Key Factors in Practice Value -

Practitioners often ask… “What’s my accounting or tax practice worth?”
KeysHowever, asking that question is like asking what are houses worth? It’s never prudent to rely solely on some simplistic rule of thumb because each practice, like each house, has several factors that will cause the price to vary. The following is a list of seven factors that have the greatest effect on the value of a practice.

RECURRENCE OF REVENUES
Professional practices generally consist of recurring revenue or a stream of clients that return annually for another “drink at the trough.” If this important component even appears to be absent, the selling price is affected negatively. For instance, a firm drawing significant income from non-recurring services like litigation support might not be worth as much as one composed largely of traditional tax and write-up. A practice which relies on periodic tax consulting as opposed to one heavy into on-going tax compliance, will generally be less appealing to prospective buyers.

SIZE
Size directly impacts the number of potential buyers. There are many more buyers willing and able to buy a practice with $300,000 of annual gross revenues than one bringing in $2,000,000. A larger pool of potential buyers results in a better multiple. On the other hand, a very small practice might lose value if it is not large enough to support the buyer

LOCATION
Location also has a great impact on the potential number of buyers and, consequently, on the value. A firm in a metropolitan area often sells for more than one located in the country or a smaller city. In addition, the location within a city itself is important. Much like real estate, a practice in a popular, growing area of a city might see a 10-20% higher value than an identical practice a few miles down the freeway.

PROFITABILITY
Certainly, the greater the net cash flow, the greater the price. Firms with high billing rates and fees are attractive to buyers since this usually translates into less work for more money. However, historical cash flow is not the dominating determinant that one might presume it would be. In comparing two practices with the same gross revenue, the one with twice the cash flow will not sell for twice the price.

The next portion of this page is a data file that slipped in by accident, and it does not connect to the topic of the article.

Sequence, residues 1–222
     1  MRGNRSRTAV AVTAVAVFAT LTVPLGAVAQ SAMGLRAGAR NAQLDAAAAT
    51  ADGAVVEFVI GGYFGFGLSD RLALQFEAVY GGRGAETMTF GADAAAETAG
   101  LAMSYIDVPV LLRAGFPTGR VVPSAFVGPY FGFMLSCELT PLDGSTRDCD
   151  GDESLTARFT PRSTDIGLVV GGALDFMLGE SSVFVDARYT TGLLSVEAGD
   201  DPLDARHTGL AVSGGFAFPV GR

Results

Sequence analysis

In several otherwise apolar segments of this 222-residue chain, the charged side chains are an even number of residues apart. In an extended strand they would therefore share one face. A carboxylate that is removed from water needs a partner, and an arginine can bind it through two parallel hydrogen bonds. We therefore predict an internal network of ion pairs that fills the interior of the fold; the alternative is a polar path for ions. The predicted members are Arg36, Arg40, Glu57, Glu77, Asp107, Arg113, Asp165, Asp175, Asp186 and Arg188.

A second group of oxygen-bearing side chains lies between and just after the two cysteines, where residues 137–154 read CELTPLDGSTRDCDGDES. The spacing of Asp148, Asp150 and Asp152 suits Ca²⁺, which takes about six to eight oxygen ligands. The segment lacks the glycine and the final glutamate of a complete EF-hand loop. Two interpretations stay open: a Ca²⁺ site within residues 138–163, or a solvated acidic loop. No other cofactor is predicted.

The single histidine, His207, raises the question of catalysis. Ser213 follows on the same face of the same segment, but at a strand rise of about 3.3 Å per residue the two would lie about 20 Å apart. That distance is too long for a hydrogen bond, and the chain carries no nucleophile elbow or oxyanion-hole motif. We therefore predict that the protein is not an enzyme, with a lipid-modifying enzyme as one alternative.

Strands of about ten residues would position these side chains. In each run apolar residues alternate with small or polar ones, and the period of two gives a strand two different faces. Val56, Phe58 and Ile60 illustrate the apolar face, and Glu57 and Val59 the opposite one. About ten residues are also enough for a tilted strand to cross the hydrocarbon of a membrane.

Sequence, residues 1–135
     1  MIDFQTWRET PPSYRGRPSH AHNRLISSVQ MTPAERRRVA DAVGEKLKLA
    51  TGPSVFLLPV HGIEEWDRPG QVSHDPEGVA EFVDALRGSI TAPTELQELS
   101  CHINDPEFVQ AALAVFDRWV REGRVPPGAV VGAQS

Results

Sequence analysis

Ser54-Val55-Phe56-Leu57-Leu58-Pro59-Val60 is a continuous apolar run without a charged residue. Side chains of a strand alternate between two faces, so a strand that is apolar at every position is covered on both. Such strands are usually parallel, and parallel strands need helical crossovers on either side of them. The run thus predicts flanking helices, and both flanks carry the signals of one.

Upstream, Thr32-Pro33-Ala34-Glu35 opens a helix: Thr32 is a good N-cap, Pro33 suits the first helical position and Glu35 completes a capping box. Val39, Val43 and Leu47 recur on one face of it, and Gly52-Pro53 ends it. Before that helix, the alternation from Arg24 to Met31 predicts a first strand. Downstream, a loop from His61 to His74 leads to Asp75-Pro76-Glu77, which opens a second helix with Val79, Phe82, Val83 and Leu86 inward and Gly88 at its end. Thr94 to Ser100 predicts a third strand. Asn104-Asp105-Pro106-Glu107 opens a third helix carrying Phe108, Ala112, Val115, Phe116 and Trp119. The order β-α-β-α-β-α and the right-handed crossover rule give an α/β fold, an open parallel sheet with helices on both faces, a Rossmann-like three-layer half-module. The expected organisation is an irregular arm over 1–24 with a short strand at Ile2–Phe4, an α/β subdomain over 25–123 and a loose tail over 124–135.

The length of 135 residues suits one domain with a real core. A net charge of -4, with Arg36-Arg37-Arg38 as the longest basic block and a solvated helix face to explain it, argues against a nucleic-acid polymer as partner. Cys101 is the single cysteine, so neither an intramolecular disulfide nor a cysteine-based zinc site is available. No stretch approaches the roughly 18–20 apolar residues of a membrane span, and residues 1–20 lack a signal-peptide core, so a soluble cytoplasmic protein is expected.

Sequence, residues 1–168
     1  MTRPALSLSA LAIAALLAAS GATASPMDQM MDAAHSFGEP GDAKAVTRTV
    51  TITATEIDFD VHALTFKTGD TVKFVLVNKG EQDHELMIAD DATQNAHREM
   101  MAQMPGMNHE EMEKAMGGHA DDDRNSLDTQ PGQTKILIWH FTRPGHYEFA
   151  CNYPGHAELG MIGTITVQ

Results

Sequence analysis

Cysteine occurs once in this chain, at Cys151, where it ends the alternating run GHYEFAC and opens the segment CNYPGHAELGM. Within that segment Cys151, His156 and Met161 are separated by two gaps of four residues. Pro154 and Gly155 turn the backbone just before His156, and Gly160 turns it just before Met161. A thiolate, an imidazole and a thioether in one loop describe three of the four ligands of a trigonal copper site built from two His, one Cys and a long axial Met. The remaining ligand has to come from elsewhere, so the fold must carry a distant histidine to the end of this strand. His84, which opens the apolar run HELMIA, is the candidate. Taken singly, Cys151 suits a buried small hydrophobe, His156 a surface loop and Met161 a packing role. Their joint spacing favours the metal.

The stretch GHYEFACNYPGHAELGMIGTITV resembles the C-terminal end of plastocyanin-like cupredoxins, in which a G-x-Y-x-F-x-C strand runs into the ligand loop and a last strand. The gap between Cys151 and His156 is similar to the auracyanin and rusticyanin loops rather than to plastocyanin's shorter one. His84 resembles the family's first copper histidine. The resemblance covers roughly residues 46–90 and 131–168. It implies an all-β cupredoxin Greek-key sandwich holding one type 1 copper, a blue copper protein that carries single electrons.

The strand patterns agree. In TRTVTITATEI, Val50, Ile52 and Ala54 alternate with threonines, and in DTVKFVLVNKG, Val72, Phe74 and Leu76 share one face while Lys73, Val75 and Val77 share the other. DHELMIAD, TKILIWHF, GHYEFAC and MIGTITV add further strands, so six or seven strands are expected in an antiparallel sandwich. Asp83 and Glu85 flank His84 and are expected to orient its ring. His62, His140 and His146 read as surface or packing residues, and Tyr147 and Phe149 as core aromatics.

TERMS
Price and terms cannot be separated. For example, one buyer may offer $400,000 cash at closing; a second offer could be comprised of a fixed price of $400,000 with $100,000 down and the balance paid with interest over the next two years; still a third buyer may agree to pay $400,000 with 20% down and 20% of collections each year for four years. On the surface, these offers may appear to represent the same value, but experience has repeatedly demonstrated that they are far from equal.

VARIOUS NEGATIVE FACTORS
There are a number of negative variables which impact price. These include anything that affect the buyer’s perception of how many clients will eventually be retained and how the purchase will benefit the buyer. Among the many possible problems which may be encountered, some common issues are: declining growth, incomplete or missing records, concentration issues (a significant percentage of gross revenue being tied to one or two very large clients), long-term leases, unreasonable transition expectations, or key employees who have not signed a non-solicitation agreement. Additional problems may also arise when only a portion of a practice is being sold or a seller plans to continue working in the office after the close of the sale.

PROFESSIONALLY MARKETED
Every buyer in town loves to see ‘FOR SALE BY OWNER’ and views this as an opportunity to pay pennies on the dollar. A good broker, however, provides essential experience in mar-keting, negotiation, valuation and financing. More impor-tantly, a specialized broker has access to thousands of buyers immediately. Using a professional almost always results in better prices, better terms, and better buyers.

Keys Photo by Silvia Schoening


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